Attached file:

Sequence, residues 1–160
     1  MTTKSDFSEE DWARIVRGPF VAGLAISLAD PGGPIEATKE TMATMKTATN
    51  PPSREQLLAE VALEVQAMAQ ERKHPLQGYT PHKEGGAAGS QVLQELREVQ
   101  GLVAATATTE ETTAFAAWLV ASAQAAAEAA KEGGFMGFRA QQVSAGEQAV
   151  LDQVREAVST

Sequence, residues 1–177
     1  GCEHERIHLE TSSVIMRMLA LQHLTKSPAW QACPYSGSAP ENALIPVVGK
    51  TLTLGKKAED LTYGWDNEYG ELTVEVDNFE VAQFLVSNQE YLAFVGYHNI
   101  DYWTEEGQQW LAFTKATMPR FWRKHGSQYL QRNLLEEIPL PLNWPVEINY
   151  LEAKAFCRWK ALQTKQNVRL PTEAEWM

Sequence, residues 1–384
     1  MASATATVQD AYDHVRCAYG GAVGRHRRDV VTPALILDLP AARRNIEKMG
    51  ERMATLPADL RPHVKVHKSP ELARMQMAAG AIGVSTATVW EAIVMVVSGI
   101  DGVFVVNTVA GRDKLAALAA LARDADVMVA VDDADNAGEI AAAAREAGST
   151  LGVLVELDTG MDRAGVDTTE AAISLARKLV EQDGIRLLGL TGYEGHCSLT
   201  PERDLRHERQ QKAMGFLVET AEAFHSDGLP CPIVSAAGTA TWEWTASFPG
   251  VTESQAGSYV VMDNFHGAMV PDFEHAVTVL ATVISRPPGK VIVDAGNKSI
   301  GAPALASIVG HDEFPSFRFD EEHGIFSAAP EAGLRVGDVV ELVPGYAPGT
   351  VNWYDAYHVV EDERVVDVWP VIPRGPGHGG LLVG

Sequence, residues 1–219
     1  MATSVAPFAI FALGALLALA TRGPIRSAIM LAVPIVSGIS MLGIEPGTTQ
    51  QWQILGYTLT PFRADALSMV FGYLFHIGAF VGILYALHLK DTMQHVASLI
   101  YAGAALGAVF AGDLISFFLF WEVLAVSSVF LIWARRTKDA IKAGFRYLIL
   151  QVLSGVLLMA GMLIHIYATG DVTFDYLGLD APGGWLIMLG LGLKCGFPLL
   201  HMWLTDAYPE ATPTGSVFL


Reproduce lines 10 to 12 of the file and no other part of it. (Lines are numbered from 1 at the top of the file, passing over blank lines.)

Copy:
   151  LEAKAFCRWK ALQTKQNVRL PTEAEWM

Sequence, residues 1–384
     1  MASATATVQD AYDHVRCAYG GAVGRHRRDV VTPALILDLP AARRNIEKMG